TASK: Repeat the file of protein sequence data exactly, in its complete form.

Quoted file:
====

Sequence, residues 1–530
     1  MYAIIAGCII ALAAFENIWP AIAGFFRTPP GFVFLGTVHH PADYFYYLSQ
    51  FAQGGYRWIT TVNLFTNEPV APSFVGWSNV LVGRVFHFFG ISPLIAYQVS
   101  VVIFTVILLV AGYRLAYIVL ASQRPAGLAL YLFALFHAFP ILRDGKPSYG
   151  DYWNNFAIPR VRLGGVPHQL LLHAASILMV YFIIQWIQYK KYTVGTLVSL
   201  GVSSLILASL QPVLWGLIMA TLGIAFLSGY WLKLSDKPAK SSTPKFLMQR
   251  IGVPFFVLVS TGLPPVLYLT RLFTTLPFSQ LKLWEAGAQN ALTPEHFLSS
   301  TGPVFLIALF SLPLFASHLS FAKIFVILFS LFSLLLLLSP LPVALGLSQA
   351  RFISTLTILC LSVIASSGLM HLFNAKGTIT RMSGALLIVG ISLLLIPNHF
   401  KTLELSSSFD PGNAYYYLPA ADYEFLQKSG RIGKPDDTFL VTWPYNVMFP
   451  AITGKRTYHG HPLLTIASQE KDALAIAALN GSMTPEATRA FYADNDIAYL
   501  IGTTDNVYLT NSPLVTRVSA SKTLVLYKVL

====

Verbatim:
Sequence, residues 1–530
     1  MYAIIAGCII ALAAFENIWP AIAGFFRTPP GFVFLGTVHH PADYFYYLSQ
    51  FAQGGYRWIT TVNLFTNEPV APSFVGWSNV LVGRVFHFFG ISPLIAYQVS
   101  VVIFTVILLV AGYRLAYIVL ASQRPAGLAL YLFALFHAFP ILRDGKPSYG
   151  DYWNNFAIPR VRLGGVPHQL LLHAASILMV YFIIQWIQYK KYTVGTLVSL
   201  GVSSLILASL QPVLWGLIMA TLGIAFLSGY WLKLSDKPAK SSTPKFLMQR
   251  IGVPFFVLVS TGLPPVLYLT RLFTTLPFSQ LKLWEAGAQN ALTPEHFLSS
   301  TGPVFLIALF SLPLFASHLS FAKIFVILFS LFSLLLLLSP LPVALGLSQA
   351  RFISTLTILC LSVIASSGLM HLFNAKGTIT RMSGALLIVG ISLLLIPNHF
   401  KTLELSSSFD PGNAYYYLPA ADYEFLQKSG RIGKPDDTFL VTWPYNVMFP
   451  AITGKRTYHG HPLLTIASQE KDALAIAALN GSMTPEATRA FYADNDIAYL
   501  IGTTDNVYLT NSPLVTRVSA SKTLVLYKVL